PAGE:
Another discovery not less important awaits her. She has seen the face of the KING, and as the rising sun[16] reveals that which was hidden in the darkness, so His light has revealed her blackness to her. "Ah," she cries, "I am black";—"But comely," interjects the Bridegroom, with inimitable grace and tenderness. "Nay, 'black as the tents of Kedar,'" she continues. "Yet to Me," He responds, "thou art 'comely as the curtains of Solomon!'" Nothing humbles the soul like sacred and intimate communion with the LORD; yet there is a sweet joy in feeling thatHe knowsall, and, notwithstanding, loves us still. Things once called "little negligences" are seen with new eyes in "the secret of His presence." There we see the mistake, the sin, of not keeping our own vineyard. This the bride confesses:— Look not upon me, because I am swarthy, Because the sun hath scorched me. My mother's sons were incensed against me, They made me keeper of the vineyards; But mine own vineyard have I not kept. Our attention is here drawn to a danger which is pre-eminently one of this day: the intense activity of our times may lead to zeal in service,to the neglect of personal communion; but such neglect will not only[17] lessen the value of the service, but tend to incapacitate us for the highest service. If we are watchful over the souls of others, and neglect our own—if we are seeking to remove motes from our brother's eye, unmindful of the beam in our own, we shall often be disappointed with our powerlessness to help our brethren, while our MASTERnot be less disappointed in us. Let us never forget that what we are is more important than whatwill we do; and that all fruit borne when not abiding in CHRISTmust be fruit of the flesh, and not of the SPIRIT. The sin of neglected communion may be forgiven, and yet the effect remain permanently; as wounds when healed often leave a scar behind.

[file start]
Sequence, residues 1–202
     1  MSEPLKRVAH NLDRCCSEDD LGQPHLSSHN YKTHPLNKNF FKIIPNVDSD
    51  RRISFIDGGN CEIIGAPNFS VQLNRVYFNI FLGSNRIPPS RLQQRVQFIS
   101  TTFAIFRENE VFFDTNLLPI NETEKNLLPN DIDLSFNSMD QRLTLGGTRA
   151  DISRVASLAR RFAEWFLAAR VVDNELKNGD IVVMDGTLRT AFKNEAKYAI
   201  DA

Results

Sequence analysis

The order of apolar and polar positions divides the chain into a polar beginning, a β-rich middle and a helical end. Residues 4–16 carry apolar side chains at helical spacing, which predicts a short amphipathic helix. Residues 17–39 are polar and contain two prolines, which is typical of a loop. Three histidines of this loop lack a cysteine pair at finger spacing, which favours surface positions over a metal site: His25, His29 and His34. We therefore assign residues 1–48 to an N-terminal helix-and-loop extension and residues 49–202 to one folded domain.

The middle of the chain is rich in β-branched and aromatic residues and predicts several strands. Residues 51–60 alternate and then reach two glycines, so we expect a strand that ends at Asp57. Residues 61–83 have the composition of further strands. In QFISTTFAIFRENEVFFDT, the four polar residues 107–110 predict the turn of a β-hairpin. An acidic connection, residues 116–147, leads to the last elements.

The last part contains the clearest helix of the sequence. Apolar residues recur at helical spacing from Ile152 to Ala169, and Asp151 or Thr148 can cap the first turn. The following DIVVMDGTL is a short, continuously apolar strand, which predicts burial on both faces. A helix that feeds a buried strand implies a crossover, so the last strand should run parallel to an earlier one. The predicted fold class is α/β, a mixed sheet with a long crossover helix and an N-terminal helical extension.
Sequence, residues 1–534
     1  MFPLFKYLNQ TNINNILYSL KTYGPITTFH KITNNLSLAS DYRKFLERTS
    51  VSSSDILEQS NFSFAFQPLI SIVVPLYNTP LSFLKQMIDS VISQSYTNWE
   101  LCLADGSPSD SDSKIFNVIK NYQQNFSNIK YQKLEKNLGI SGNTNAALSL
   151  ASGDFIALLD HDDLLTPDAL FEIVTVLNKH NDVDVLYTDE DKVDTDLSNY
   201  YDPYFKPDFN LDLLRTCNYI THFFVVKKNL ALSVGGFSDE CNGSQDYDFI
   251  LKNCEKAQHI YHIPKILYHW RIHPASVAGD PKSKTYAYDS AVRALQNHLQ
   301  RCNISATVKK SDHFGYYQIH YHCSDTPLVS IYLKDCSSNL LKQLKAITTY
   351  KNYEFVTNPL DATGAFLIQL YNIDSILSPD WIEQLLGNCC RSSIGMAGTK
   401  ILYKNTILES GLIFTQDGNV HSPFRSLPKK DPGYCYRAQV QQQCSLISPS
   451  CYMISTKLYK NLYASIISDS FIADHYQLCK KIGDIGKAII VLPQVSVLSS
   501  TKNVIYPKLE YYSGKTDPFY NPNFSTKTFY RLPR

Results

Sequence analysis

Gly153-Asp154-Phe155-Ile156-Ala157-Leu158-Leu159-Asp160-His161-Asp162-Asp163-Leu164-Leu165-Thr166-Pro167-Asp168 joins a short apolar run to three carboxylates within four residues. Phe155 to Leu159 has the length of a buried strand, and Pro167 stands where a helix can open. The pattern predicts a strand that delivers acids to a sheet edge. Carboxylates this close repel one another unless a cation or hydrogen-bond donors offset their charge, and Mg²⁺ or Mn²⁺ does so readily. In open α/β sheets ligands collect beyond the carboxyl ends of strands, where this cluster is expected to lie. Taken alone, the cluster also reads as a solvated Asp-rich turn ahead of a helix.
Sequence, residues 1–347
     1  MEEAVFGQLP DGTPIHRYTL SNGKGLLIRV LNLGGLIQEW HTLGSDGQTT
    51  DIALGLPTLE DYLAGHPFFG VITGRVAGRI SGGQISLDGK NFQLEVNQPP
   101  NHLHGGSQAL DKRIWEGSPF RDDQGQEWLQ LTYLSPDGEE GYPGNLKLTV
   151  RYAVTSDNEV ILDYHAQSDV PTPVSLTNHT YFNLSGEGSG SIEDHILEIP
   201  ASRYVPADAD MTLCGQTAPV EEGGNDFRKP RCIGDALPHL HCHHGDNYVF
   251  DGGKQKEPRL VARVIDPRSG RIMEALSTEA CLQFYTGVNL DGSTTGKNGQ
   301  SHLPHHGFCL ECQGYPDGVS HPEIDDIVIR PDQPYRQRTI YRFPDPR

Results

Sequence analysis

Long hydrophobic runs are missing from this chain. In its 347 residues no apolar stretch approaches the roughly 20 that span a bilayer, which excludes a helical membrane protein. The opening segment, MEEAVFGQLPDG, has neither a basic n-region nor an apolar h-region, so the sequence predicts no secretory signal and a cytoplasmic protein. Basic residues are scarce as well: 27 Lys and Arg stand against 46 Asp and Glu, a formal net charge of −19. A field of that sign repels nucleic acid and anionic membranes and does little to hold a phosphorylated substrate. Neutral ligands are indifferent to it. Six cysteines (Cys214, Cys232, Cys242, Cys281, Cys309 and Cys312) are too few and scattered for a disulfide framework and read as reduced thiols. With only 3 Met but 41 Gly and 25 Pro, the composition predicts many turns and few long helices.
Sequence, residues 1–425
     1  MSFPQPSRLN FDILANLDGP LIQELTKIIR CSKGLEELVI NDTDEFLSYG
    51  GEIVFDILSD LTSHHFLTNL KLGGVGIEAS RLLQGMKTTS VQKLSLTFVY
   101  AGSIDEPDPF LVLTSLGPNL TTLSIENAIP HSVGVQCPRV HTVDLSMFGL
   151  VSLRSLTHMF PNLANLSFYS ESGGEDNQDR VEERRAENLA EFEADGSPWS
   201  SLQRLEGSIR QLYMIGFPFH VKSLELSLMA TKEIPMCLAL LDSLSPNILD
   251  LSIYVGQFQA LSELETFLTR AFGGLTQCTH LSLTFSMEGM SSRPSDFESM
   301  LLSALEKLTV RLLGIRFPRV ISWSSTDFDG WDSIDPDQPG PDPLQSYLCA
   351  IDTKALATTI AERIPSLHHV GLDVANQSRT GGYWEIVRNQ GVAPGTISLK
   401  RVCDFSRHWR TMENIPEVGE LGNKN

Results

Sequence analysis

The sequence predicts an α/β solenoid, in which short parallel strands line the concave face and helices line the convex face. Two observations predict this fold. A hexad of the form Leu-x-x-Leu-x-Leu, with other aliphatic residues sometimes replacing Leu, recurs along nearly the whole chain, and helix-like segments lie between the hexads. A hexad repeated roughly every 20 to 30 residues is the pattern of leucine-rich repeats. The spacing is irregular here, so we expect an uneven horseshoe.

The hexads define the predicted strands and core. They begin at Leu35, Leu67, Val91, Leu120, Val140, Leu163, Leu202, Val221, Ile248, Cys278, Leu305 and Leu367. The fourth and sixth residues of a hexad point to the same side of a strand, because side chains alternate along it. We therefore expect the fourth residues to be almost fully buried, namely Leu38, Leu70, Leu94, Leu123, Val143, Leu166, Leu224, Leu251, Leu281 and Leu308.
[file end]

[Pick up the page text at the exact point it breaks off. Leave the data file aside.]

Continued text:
We now come to a very sweet evidence of the reality of the heart-union of the bride with her LORD. She is one with the GOODSHEPHERD: her heart at once goes instinctively forth to the feeding of the flock; but she would tread in the footsteps of Him whom her soul loveth, and would neither labour alone, nor in other companionship than His own:— Tell me, O Thou whom my soul loveth, Where Thou feedest Thy flock, where Thou makest it to rest at noon: For why should I be as one that is veiled Beside the flocks of Thy companions? She will not mistake the society of His servants for that of their MASTER. If thou know not, O thou fairest among women, Go thy way forth by the footsteps of the flock, And feed thy kids beside the shepherds' tents. These are the words of the daughters of Jerusalem, and give a correct reply to her questionings. Let her show her love to her LORDHis lambs (see John xxi. 15-17), and she needby feeding His sheep, by caring for not fear to miss His presence. While sharing with other under-shepherds in caring for His flock she will find the CHIEFSHEPHERDat her side, and enjoy the tokens of His approval. It will be servicewithJESUSas well asfor JESUS. But far sweeter than the reply of the daughters of Jerusalem is the voice of the Bridegroom, who now speaks Himself. It is the living fruit of her heart-oneness with Him that makes His love break forth in the joyful utterances of verses 9-11. For it is not only true that our love for our LORDwill show itself in feeding His sheep, but that He who when on earth said, "Inasmuch as ye have done it unto one of the least of these My brethren,[19] ye have done it unto Me," has His own heart-love stirred, and not infrequently specially reveals Himself to those who are ministering for Him. The commendation of the bride in verse 9 is one of striking appropriateness and beauty:— I have compared thee, O My love, To a company of horses in Pharaoh's chariots. It will be remembered that horses originally came out of Egypt, and that the pure breed still found in Arabia was during Solomon's reign brought by his merchants for all the kings of the East. Those selected for Pharaoh's own chariot would not only be of the purest blood and perfect in proportion and symmetry, but also perfect in training, docile and obedient; they would know no will but that of the charioteer, and the only object of their existence would be to carry the king whithersoever he would go. So should it be with the Church of CHRIST; one body with many members, indwelt and guided by one SPIRIT; holding the HEAD, and knowing no will but His; her rapid and harmonious movement should cause His kingdom to progress throughout the world.[20] Many years ago a beloved friend, returning from the East by the overland route, made the journey from Suez to Cairo in the cumbrous diligence then in use. The passengers on landing took their places, about a dozen wild young horses were harnessed with ropes to the vehicle, the driver took his seat and cracked his whip, and the horses dashed off, some to the right, some to the left, and others forward, causing the coach to start with a bound, and as suddenl to sto , with the effect of first throwin those sittin in the front seat into